The 2021 Kawasaki KX250X is essentially the same motorcycle as the ‘21 KX250(F) with a few necessary changes to convert the motocrosser to an off-road racing machine. That’s not a bad thing by any means, particularly because the KX250F just received a major overhaul this year. Since this “new” model marks Kawasaki’s focus on off-road racing – a genre it has had major success in in the past – we couldn’t wait to get our hands on this latest model.
We always say it’s a great time to be a motorcyclist. There are so many great bikes for all sorts of end uses these days. Perhaps the best example of this is the Adventure category – specifically the red hot middleweight adventure class. There are a handful of middleweights that quite thoroughly span the breadth of what moto-wanderers might consider necessary to tackle the unknown. In MO’s collective opinion, no motorcycle quite runs the gamut like Triumph’s new Tiger 900 Rally Pro.
We generally associate value with cheap when, in reality, this isn’t (necessarily) the case. The KTM 890 Duke R is a perfect example. For under $12,000 you get a motorcycle packed with performance KTM could charge 15-large for, and you still wouldn’t feel ripped off.
You don’t need big bucks or big bikes to have a swell adventure. But it helps. Or, you can have a perfectly fun adventure on either of these cute little Hondas, and still be one of the nicest people at the same time, as you’re getting nearly 100 mpg and treading lightly. These days, you take your adventures where you can get them. Instead of blasting off on a multi-day ride on big gas hogs, we poked around in our own Long Beach back yard.
The re-introduction of the Honda Trail in the United States marks a homecoming of sorts for a model that was, and still is, very special to American Honda and many Americans that grew up riding it. While attending the introduction of the 2021 Honda Trail 125 in Julian, California a few weeks ago, I had the chance to see the new model sat next to a well-preserved, but used 1985 Trail 110. The resemblance is commendable. From the dimensions themselves, to small details like the large hub on the front wheel that looks reminiscent of a drum despite the new model’s disc brakes (front and rear), Honda has done a really great job making the 2021 model a spitting image of the Trails imported to the US in the ‘80s.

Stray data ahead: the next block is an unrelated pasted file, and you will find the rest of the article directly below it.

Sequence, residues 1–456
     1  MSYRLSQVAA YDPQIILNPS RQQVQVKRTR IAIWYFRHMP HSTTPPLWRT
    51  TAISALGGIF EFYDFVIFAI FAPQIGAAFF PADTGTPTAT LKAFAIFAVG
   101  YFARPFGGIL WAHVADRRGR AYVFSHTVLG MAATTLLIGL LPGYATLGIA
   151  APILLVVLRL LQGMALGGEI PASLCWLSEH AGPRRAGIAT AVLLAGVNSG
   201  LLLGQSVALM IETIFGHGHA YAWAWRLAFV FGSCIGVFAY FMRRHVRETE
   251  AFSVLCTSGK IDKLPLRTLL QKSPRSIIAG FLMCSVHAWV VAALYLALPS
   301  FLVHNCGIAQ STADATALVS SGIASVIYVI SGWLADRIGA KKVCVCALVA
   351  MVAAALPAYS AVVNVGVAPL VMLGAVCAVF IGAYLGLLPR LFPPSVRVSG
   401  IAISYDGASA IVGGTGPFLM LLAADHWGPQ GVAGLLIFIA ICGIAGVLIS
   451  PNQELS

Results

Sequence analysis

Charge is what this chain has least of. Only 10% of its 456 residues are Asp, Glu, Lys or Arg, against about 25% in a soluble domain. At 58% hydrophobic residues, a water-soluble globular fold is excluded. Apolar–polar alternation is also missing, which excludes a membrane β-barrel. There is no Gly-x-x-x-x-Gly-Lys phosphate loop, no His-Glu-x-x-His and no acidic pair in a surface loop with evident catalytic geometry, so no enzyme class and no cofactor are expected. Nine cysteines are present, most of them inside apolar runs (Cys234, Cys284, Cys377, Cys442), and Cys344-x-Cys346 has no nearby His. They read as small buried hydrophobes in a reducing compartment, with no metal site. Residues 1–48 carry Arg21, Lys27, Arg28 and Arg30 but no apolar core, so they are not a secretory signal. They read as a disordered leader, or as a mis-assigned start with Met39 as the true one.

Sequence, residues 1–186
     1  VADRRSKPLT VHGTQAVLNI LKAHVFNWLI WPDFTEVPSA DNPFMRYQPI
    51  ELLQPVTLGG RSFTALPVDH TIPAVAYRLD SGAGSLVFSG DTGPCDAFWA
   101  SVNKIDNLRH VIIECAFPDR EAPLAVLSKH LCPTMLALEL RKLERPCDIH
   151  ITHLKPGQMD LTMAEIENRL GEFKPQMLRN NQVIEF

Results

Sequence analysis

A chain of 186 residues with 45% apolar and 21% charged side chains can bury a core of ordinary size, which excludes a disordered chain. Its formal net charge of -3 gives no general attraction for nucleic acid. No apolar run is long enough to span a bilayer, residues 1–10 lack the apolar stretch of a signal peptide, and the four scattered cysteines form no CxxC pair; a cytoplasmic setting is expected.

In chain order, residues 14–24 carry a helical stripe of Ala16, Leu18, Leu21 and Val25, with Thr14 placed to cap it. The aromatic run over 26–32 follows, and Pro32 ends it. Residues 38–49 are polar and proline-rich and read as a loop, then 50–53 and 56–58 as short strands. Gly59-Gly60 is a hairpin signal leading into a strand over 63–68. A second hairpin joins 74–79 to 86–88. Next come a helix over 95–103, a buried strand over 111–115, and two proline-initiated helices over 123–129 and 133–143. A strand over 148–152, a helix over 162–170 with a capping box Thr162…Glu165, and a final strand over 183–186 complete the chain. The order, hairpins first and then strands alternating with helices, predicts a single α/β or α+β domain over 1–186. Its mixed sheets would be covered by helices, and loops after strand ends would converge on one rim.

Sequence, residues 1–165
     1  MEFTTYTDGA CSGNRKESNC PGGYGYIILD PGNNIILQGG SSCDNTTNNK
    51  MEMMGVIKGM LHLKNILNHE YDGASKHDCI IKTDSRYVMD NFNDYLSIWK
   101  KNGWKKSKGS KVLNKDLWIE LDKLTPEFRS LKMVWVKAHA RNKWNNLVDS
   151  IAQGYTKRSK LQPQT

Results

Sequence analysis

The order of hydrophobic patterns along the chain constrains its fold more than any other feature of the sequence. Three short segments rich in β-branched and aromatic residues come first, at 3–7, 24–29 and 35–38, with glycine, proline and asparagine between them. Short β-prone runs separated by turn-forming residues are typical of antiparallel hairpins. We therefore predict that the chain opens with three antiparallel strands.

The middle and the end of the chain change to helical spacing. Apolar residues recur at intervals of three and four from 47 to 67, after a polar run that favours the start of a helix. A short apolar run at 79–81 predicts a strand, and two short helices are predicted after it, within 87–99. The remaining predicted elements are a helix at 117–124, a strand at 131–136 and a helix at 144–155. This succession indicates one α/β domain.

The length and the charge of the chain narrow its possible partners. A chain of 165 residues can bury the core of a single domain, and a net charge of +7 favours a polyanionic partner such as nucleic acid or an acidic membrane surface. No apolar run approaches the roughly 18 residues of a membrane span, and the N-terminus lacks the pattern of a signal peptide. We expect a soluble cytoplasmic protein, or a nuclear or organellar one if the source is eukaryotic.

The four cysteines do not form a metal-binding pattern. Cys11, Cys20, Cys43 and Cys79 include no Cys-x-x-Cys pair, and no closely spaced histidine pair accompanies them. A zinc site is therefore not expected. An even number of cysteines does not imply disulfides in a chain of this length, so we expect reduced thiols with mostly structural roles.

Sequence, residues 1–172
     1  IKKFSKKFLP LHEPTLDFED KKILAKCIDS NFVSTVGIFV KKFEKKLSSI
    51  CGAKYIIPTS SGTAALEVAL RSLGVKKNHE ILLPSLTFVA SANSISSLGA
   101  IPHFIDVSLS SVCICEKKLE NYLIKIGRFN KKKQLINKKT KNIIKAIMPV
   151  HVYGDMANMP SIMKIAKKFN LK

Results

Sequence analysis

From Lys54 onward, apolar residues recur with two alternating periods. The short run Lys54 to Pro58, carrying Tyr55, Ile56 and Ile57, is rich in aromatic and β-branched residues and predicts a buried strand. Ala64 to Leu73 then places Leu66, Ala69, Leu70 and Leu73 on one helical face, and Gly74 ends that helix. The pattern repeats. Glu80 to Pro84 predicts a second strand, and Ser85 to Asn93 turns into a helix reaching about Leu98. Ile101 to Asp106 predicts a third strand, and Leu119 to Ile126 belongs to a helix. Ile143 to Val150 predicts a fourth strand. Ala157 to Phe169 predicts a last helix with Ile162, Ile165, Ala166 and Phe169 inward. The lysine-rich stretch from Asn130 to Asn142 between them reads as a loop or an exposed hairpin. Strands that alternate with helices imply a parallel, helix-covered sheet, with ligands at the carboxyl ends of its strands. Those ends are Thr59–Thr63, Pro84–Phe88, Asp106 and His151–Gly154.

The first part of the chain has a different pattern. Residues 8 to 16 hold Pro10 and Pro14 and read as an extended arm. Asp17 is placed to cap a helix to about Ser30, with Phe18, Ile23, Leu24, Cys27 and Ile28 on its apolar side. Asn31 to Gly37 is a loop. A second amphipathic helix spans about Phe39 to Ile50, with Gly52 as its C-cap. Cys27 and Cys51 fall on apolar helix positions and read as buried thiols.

When you’re not scrambling to make ends meet or get ahead, it seems like you’re constantly rallying the troops, possibly ’round the flag but usually just trying to instill pep. It’s always something, and both of those things are so ingrained in my psyche that I barely even miss roosting on the track or burning up the backroads. We were less impressed with the all-new Triumph Speed Twin than we expected to be a couple weeks ago, but when SoCal Motorcycles let us swap it out for a new Scrambler 1200 XC, it was love at first ride. Maybe in the ’60s, scramblin’ meant riding around in the desert with McQueen and those guys, but with the current state of infrastructure, now you can interface gnarly terrain without leaving the city. Scrambling is now something you can do every day.
The team and I have been grounded longer than usual this year. It’s not all bad. Some of us actually enjoy being with our family, and it’s given us time to complete those long-standing projects around the house while simultaneously creating new ones. That said, it’s only a matter of time before the antsy feeling of wanderlust starts to creep in. Nothing quite satiates a much-needed break from the day-to-day (especially the day-to-day of 2020) like a lil’ camping and a lil’ motorcycle riding.
I must preface this review with the disclaimer that this is the first Beta I’ve ever ridden. I’ve had the opportunity to spend time on various other two strokes in this genre, but the 2021 Beta 300 RR is the first from the Italian brand that I’ve had a chance to get out and ride. So don’t expect a thorough year-to-year comparison. I just can’t do it, captain!